After graduation from Harvard, he worked for White & Case, a New York City law firm, but later pursued his dreams of human rights advocacy with his work at Human Rights First, then known as the Lawyers Committee for Human Rights. In 1991, he returned to Harvard where he became the Associate Director of the Harvard Law School Human Rights Program. In 1996, he joined the University at Buffalo Law School faculty. In December 2007, he was appointed Interim Dean at the University at Buffalo Law School and was named the permanent Dean in May 2008. Mutua has lectured extensively abroad and at leading universities in the world where he has served as Visiting Professor at Harvard Law School, the University of Iowa College of Law, the University of Deusto in Bilbao, Spain, the University of Addis Ababa in Ethiopia, the United Nations University for Peace in Costa Rica, the University of Coimbra, Portugal, and the University of Puerto Rico School of Law, among others.[11][12] He was elected Vice President of the American Society of International Law from 2011-2013 after serving as its Executive Council from 2007-2010.[13] He was the co-chair of the 2000 Annual meeting of the ASIL. He sits on the boards of scholarly journals and NGOs. He was a founder and serves as Chairman of the Nairobi-based Kenya Human Rights Commission, regarded as a leading human rights NGO in the world.[14] He has received several academic accolades and distinctions. In 2007, he gave the Abiola Lecture, the signature keynote address at the annual meeting of the African Studies Association, the leading Africana Studies academic association in the world.[15][16] In April 2015, Mutua received the Distinguished Africanist award from the NYASA (New York African Studies Association), the association's highest honor.[17] Mutua is regarded as one of the leading academics in human rights and international law.[18] He has authored several books and dozens of scholarly articles in law journals and other publications.[11] He is a top law author on SSRN, the Social Science Research Network.[19] His latest book, Human Rights Standards: Hegemony, Law, and Politics is scheduled for release by SUNY Press in February 2016.[20] Mutua is one of the eminent scholars and thinkers in the movement known as TWAIL, or Third World Approaches to International Law. [21][22]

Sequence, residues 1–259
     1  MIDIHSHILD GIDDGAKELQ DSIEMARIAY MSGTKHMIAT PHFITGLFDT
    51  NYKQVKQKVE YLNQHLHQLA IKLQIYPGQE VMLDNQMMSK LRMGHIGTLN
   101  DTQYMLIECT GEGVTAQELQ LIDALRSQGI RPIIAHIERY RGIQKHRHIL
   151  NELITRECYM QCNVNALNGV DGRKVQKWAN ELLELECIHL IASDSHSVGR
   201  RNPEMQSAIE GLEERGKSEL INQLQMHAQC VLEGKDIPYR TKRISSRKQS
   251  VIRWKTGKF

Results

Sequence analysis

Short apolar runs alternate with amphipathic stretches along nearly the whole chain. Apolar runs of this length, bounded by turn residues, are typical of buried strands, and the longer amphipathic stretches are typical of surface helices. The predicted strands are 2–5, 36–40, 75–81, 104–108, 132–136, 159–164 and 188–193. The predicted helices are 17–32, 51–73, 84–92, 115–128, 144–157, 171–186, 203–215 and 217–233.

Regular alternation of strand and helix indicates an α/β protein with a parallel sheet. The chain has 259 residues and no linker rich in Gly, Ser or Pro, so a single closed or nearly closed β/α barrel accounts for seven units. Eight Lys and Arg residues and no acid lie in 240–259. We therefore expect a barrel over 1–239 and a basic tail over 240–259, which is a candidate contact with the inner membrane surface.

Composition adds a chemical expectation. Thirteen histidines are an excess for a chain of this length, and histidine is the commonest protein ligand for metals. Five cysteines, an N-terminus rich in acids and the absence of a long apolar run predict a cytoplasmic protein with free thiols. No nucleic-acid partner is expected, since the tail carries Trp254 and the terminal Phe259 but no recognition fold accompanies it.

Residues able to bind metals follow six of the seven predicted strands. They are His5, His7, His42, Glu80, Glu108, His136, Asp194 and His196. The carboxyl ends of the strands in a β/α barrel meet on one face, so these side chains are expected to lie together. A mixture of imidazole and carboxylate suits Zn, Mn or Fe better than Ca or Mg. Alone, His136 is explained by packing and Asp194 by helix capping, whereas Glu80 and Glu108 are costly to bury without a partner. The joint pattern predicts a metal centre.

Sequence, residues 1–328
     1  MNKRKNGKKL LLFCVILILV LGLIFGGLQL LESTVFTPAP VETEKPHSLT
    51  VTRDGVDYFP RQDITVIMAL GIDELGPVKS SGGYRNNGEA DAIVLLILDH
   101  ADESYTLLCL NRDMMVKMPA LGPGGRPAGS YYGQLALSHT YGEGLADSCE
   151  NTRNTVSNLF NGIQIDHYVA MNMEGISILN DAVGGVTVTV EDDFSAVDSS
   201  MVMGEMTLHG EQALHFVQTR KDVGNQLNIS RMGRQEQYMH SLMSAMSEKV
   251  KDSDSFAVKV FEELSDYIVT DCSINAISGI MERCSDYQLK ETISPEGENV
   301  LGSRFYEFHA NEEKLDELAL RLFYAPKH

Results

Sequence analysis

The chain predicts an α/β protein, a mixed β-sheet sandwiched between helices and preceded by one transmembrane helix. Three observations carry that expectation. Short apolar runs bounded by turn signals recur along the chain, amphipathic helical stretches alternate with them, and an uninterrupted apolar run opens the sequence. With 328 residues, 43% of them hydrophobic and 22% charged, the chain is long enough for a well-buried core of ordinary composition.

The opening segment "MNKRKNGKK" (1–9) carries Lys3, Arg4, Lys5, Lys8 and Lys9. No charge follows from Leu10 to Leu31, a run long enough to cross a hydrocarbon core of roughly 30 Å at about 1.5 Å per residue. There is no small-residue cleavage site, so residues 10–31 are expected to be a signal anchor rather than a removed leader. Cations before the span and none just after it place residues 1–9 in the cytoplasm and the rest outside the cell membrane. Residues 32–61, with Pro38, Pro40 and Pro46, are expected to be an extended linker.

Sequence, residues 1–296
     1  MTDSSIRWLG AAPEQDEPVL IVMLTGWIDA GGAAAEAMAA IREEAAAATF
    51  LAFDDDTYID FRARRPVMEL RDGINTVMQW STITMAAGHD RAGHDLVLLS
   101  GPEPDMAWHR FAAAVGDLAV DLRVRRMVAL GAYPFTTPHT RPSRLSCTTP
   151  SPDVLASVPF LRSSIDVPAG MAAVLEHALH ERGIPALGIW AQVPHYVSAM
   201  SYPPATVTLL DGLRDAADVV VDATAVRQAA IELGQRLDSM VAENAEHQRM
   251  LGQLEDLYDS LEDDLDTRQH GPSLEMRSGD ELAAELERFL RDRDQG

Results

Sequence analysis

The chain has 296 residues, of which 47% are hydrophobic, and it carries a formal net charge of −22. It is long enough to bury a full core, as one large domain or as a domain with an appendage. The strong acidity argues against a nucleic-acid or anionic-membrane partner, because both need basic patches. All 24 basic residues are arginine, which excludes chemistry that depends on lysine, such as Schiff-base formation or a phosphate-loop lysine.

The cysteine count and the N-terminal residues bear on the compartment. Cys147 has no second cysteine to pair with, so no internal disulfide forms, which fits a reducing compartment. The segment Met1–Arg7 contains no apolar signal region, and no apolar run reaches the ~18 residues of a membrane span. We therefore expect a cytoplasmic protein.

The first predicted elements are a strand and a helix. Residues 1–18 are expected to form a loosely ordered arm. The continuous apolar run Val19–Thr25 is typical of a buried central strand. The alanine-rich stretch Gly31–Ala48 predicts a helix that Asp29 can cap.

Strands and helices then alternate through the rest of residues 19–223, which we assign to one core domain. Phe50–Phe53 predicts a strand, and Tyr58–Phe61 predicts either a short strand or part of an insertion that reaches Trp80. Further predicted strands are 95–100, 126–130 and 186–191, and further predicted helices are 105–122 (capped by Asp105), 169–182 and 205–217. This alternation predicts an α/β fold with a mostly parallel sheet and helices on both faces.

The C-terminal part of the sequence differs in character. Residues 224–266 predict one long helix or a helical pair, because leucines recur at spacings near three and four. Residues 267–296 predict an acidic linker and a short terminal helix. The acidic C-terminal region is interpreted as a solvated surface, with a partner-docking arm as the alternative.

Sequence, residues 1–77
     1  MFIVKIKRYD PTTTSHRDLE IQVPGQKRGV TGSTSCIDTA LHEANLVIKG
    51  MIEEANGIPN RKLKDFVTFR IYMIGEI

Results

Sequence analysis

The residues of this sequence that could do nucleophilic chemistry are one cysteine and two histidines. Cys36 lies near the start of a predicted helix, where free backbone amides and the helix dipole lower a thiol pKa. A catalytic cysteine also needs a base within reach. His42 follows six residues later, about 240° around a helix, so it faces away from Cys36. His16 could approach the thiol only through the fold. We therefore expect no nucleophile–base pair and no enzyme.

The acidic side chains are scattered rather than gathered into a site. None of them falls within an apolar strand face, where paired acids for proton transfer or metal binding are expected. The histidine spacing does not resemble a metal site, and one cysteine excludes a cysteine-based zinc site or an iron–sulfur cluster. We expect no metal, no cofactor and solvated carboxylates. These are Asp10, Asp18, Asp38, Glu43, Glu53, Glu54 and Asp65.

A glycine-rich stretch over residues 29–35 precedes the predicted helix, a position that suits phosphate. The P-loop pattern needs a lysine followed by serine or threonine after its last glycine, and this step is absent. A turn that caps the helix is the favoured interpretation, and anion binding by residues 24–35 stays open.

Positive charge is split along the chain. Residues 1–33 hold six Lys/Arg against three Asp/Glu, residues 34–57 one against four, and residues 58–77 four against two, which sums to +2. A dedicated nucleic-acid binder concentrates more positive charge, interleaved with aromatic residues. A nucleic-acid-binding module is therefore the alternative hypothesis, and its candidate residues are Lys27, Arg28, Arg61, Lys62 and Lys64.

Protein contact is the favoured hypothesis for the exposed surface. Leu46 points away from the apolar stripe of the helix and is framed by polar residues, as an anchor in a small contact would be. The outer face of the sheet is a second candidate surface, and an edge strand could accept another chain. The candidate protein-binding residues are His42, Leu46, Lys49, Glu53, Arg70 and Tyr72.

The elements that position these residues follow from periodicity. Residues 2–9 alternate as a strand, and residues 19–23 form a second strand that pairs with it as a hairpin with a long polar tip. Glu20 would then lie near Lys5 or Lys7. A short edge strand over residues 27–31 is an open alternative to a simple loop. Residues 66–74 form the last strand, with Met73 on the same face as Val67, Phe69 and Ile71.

On September 24, 2014, Mutua announced that he was stepping down following a controversial 7 year term as Dean.[23]

Kenya government and media activities[edit]

In 2003, while on sabbatical in Kenya, he was appointed by the Government of President Mwai Kibaki Chair of the Task Force on the Establishment of a Truth, Justice, and Reconciliation Commission which recommended a truth commission for Kenya. He was also a Delegate in 2003 to the Kenya National Constitutional Conference, which produced a contested draft constitution for Kenya.[24] In 2006, he was legal counsel to John Githongo, the former Kenyan anti-corruption czar who exposed the Anglo Leasing scams in the Kibaki Government.[25]

In a seven-year period, Mutua became the leading and most popular columnist for the Sunday Nation, one of the two the main newspapers in East and Central Africa. In September 2013, he departed the Sunday Nation and joined the Standard on Sunday – the Sunday Nation's chief competitor.[26]

Selected works[edit]

  • Kenya's Quest For Democracy: Taming Leviathan (Challenge and Change in African Politics). L. Rienner Publishers. 30 April 2008 ISBN 1-58826-590-0
  • Human Rights NGOs in East Africa: Political and Normative Tensions. University of Pennsylvania Press. 12 September 2008 ISBN 978-0-8122-4112-9
  • Human Rights: A Political and Cultural Critique. University of Pennsylvania Press. 10 November 2008 ISBN 0-8122-2049-8
  • "Savages, victims, and saviors: the metaphor of human rights". Harvard International Law Journal 42 (1): 201–45. 2001. 


  1. ^
  2. ^
  3. ^
  4. ^
  5. ^
  6. ^
  7. ^
  8. ^
  9. ^ "Makau W. Mutua". 2009. Retrieved 8 April 2009. 
  10. ^ Elizabeth Stull (9 May 2008). "University of Buffalo School of Law dean escaped, battled, rose to top". Daily Record. 
  11. ^ a b c
  12. ^
  13. ^
  14. ^
  15. ^
  16. ^
  17. ^
  18. ^
  19. ^
  20. ^
  21. ^
  22. ^
  23. ^
  24. ^ For UB law dean, Kenya's never far away Bloody political strife in Mutua's homeland keeps him involved The Buffalo News, 13 February 2008.
  25. ^
  26. ^